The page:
Serological studies

All serum samples were stored at −70°C before the assay. The serum levels of C3, C4, IgG, IgA, IgM and anti-streptolysin O (ASLO) titre were assayed with laser nephelometry (Behring Diagnostics GmbH, Marburg, Germany). Serum TGF-β levels were measured with sandwich ELISAs. In vitro activation by transient acidification of serum samples prior to assay was performed, since TGF-β was secreted in a biologically inactive form.

IgA, IgG, and IgM anti-cardiolipin antibodies

Because of the limitations regarding blood sampling from some patients, only 21 of 26 patients at the acute stage and 11 of these 21 patients at the convalescent stage were included for the detection of serum levels of aCL. The IgG, IgM, and IgA aCL of 21 patients, IgA aCL of 11 of them at the convalescent stage, and IgA aCL of both control groups were measured by commercially standardized ELISAs (ORGenTec ELISA kit; Germany). Briefly, the microplate was coated with highly purified cardiolipin and saturated with human β2-glycoprotein I (β2-GPI). Polyclonal rabbit anti-human IgG, IgM, and IgA antibodies labelled with horseradish peroxidase were used as conjugate solutions to recognize aCL of the three isotypes. This assay system is calibrated against the internationally recognized reference sera from E. N. Harris (Louisville, KY) [22]. The plate was finally read in a spectrophotometer at 450 nm. The cut-off values for IgG, IgM, and IgA aCL were set at 10 GPL U/ml, 7 MPL U/ml, and 10 APL U/ml, respectively.

Lymphocyte phenotyping and intracellular staining

Phenotyping of lymphocytes was performed by a lysed whole-blood method. T cells (CD4, CD8, CD45RA, TCR-αβ, TCR-γδ), B cell subsets, and natural killer (NK) cells were analysed using matched combinations of murine MoAbs conjugated with FITC or PE. For intracellular staining of cytokines, peripheral blood mononuclear cells (PBMC) were isolated and stimulated with phorbol 12-myristate 13-acetate (PMA; 20 ng/ml), ionomycin and monensin (4 n m) for 12 h. They were then washed in PBS, fixed with 4% paraformaldehyde, permeabilized with saponin, and stained with specificity-matched combinations of fluorescence-labelled antibodies (CD4 Cy-chrome plus interferon-gamma (IFN-γ)–FITC for Th1, IL-4–PE for Th2, and TGF-β1–FITC for Th3). Fluorescein-stained cells were detected with a FACScan flow cytometer, and the results were analysed with SimulSET software (Becton Dickinson Immunocytometry Systems, San Jose, CA).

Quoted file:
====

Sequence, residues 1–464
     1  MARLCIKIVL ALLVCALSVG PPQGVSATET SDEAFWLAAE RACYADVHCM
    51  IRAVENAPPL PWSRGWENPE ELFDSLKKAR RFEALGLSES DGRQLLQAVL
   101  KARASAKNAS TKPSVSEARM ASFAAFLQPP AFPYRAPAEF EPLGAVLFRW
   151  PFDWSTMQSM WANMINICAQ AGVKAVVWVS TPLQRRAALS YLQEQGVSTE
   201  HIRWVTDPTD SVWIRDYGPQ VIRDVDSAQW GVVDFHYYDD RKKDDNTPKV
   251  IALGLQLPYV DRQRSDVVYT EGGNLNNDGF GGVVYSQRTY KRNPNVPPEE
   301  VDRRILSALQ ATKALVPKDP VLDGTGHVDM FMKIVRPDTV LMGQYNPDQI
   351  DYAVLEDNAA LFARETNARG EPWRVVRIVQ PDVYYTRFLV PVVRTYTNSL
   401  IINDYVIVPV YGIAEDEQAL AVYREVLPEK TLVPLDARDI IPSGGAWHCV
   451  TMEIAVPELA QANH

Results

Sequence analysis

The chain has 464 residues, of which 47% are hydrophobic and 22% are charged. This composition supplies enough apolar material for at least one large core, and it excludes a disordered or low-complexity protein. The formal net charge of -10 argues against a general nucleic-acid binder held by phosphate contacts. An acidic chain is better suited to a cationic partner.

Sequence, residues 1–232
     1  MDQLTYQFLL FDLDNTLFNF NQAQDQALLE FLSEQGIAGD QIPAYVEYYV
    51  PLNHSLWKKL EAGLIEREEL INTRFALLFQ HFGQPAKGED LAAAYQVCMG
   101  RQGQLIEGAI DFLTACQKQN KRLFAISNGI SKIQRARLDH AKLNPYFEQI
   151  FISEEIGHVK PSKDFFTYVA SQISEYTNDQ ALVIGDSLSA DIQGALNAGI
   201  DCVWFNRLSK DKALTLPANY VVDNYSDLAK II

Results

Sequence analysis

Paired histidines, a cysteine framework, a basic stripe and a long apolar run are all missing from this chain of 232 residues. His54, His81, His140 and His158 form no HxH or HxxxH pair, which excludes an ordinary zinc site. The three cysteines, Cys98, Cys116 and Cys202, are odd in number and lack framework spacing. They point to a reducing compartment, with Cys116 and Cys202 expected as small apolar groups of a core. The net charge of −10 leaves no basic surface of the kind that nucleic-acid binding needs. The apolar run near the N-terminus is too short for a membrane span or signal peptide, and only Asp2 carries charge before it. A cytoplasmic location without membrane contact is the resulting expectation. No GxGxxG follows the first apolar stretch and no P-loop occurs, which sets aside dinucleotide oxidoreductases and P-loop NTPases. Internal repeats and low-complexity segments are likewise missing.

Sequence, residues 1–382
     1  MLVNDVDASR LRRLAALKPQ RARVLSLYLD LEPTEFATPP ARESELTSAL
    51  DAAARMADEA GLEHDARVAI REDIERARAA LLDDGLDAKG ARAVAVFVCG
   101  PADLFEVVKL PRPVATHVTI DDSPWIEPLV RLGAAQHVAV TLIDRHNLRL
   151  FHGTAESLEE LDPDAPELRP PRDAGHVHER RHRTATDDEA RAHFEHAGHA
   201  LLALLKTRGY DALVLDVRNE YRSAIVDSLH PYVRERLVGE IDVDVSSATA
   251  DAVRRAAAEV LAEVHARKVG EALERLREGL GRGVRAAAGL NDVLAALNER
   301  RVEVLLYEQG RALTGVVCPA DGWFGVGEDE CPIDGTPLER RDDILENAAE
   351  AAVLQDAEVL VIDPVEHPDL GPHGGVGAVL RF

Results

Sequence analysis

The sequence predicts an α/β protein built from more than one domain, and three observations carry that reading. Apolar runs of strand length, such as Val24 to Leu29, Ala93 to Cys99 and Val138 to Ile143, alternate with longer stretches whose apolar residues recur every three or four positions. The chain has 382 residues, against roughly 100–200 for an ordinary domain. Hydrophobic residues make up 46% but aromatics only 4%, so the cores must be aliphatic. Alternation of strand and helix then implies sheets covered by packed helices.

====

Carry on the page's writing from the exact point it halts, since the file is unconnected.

Statistical analysis

The values of IgA aCL were presented as median with ranges, and the Mann–Whitney U-test was used to compare the IgA aCL levels between patients and controls, and at different stages. The prevalence of three isotypes of aCL of HSP was compared by McNemar's test. The relationship between serum total IgA and IgA aCL was analysed by correlation coefficient test. Other laboratory data were expressed as means ± s.e.m. Comparisons of these data between different disease stages of patients were performed with the non-parametric Wilcoxon signed ranks test. A two-tailed P value of < 0·05 was considered statistically significant.


  1. Top of page
  2. Abstract
  3. Introduction
  5. Results
  6. Discussion
  7. Acknowledgments
  8. References

Clinical presentations and courses

Most of the children (23/26) in this series had onset of HSP during either the autumn or winter seasons. Table 1 summarizes the clinical characteristics of the 26 patients in this study. All of them had typical characteristics of HSP with palpable purpura over the lower extremities. Abdominal pain with or without gastrointestinal bleeding occurred in 19 of 26 patients (73%). Arthritis or arthralgia was noted in 17 of 26 patients (65%). The ankle was the most common joint involved, followed by the knee joint. Five patients had leg oedema, and one had oedema of all four limbs. A history of upper respiratory tract infection (URI) was noted in 16 of 26 patients (61%). Only one patient developed glomerulonephritis, with presentations including heavy proteinuria and haematuria. None of the patients exhibited any features of APS, except for one patient with thrombocytopenia (110 000/mm3). The outcomes were generally good. All patients were prescribed NSAIDs. Short-term steroid was used in 19 patients and azathioprine (Imuran) in three patients because of either nephritis, GI bleeding, or severe abdominal pain despite NSAIDs. Twenty-two patients (including the 11 patients detected for IgA aCL at a mean follow-up duration of 7 months) were symptom-free during follow up (6–8 months); four patients (15%) had recurrent symptoms, mostly as leg purpura and abdominal pain.

Table 1.  Clinical characteristics and treatment of patients with Henoch–Schönlein purpura